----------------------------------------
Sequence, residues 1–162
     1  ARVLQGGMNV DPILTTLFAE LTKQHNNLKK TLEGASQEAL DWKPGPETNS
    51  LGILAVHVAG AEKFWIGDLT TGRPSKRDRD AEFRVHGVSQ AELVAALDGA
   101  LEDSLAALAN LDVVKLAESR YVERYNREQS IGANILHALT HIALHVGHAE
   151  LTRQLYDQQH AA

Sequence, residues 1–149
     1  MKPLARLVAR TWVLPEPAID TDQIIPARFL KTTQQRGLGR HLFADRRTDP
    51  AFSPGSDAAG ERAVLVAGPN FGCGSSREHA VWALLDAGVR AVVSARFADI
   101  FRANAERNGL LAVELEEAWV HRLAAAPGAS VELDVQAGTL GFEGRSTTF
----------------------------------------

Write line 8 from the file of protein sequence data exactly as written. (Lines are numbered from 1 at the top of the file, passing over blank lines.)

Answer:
    51  AFSPGSDAAG ERAVLVAGPN FGCGSSREHA VWALLDAGVR AVVSARFADI